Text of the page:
Despite nearly being stuck at O’Hare airport in Chicago due to thunderstorms, my flight managed to depart for Reagan Washington National. For anyone looking for a hotel near the NIH, I’m staying at the Hyatt Regency Bethesda until I’m admitted on Sunday. The Hyatt is very conveniently located right atop a metro station. One transfer between the airport and hotel, very handy.
My next day started at 8AM. The NIH was one stop away on the metro. After checking in through security, I walked to the main building, #10. Registration was relatively quick, with fewer forms than a typical office visit. The nurse who had been corresponding with me via email (Celene) then met me to show me where I’d be going throughout the day. My next stop was at the lab for blood and urine samples. Then to radiology for a chest X-ray. Then to have an EKG. Everything was very efficient, so much so that I finished over an hour earlier than scheduled and had time to take in a light breakfast. The staff has also been very professional all around.
My 3T MRI with spectroscopy was delayed a little, but went without a hitch. It was quite an extensive scan, taking about 1 hour and 10 minutes in the tube. Even with earplugs and headphones, it was fairly noisy. I also had the displeasure to experience the “Endorectal Coil” used to enhance the images. Getting it into place wasn’t very pleasant, but it was tolerable for the rest of the exam. Another set of enhancement coils was set on top of me. Near the end of the scan, they injected me with gadolinium to enhance the last set of images. They also took additional images at without the coils before I was finished. Continue reading First Day at the NIH
I don’t plan to be racing anytime soon in order to raise funds for worthy charities related to supporting prostate cancer research. Instead, I’d like to give credit to another Darren who is my age and is now racing for a cure:
If you are considering a charitible contribution for medical research, please take a look. Prostate Cancer is among the most common and most deadly of all cancers. Also, if you have the time, take a look at Darren’s blog. It’s a compelling journal of his experiences.
I’m off for my trip to the National Institutes of Health this week for my 3T MRI, possibly followed by a biopsy. I’ll have more to write this weekend and next week.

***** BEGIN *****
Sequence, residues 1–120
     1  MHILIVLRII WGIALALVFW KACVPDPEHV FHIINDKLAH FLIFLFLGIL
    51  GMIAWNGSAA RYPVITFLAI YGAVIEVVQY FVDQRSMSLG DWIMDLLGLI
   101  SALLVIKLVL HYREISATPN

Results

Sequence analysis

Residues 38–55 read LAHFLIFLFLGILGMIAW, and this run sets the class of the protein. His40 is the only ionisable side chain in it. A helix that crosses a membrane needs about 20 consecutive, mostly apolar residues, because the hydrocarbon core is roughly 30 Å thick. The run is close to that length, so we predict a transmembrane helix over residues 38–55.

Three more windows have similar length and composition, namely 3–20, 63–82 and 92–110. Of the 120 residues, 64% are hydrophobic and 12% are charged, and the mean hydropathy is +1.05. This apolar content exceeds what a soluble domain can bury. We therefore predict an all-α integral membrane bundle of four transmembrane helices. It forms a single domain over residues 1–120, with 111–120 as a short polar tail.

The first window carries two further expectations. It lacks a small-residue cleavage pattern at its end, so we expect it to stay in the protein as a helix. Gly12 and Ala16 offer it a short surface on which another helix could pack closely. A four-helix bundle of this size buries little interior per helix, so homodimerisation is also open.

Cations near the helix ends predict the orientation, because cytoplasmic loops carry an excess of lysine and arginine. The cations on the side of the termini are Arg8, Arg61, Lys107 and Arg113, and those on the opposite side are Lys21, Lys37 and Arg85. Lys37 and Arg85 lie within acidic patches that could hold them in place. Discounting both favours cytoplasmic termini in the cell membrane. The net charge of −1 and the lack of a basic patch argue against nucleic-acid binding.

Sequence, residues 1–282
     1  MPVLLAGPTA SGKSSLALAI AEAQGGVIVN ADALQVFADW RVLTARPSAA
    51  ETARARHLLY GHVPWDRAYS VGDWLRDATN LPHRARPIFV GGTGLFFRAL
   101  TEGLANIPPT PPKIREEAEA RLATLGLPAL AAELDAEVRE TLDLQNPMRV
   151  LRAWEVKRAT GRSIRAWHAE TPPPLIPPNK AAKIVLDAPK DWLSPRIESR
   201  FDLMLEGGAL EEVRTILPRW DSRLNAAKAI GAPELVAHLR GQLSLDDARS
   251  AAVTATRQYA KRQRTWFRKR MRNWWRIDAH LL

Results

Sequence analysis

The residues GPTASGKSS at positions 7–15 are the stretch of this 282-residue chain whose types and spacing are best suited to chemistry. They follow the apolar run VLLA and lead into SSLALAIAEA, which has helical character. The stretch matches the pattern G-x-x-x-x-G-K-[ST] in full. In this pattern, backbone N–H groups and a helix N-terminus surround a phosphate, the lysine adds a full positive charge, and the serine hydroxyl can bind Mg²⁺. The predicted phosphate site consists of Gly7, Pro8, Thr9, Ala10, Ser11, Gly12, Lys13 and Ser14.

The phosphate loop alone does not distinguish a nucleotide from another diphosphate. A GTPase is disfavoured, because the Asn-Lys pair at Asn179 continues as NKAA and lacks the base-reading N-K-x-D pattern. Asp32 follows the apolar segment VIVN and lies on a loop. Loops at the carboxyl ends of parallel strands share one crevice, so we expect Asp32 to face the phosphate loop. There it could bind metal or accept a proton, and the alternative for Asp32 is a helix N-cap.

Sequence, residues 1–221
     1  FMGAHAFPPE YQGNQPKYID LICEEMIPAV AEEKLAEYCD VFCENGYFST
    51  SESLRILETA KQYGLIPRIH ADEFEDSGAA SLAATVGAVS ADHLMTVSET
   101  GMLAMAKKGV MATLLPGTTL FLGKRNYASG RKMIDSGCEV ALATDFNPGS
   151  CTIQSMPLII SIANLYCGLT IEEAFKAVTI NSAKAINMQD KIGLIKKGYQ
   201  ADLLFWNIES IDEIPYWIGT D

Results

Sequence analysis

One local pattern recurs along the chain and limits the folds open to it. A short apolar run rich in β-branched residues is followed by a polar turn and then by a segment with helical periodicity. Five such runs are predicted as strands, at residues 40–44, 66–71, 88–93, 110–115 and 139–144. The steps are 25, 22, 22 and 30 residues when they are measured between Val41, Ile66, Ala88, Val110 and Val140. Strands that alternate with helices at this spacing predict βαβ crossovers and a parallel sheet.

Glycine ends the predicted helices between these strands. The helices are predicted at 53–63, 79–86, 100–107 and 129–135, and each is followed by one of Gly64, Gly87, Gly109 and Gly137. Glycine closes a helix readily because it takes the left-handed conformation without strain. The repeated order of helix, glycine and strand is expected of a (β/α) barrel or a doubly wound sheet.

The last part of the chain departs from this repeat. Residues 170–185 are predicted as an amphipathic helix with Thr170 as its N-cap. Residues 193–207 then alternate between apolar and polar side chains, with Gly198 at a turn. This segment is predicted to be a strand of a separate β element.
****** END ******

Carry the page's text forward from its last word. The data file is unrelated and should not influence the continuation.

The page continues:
$950 later, I finally got a whopping five ultrasound images. This was from my prostate ultrasound test in New York City last month by Dr. Robert Bard. The lure of the “3-D/4-D” power doppler sonogram was the promise of hundreds or thousands of color enhanced images that could be turned into a three dimensional view that would also show motion in real time. What I actually received after my appointment was a single, 1990s fetal-ultrasound-quality, black and white polaroid-sized image.
Prior to the appointment, I specifically asked if the images would be available to me in some format for a second opinion, if necessary. In reviewing the cryptic response from the Dr. Bard, it seems it might have even been intentionally vague or even dodged the question altogether. I guess that should have been a red flag. Nonetheless, after the ultrasound, he said a partial set of images would be available and referred me to his staff. I was sent a single black and white digital image, though it was at least more detailed than the polaroid. I repeated my request and got no reply. After a couple weeks, with my next consultation looming for the MRI, I sent another request. A few more exchanges resulted in five images being sent to me, as the previous email with the first image must have been corrupted. Apparently, five images were all they kept! For all the promise of this technology, they claim to have kept only five 2-dimensional images out of thousands, with zero benefit of 3D or 4D available to me for future reference or a second opinion! Continue reading Ultrasound Images At Last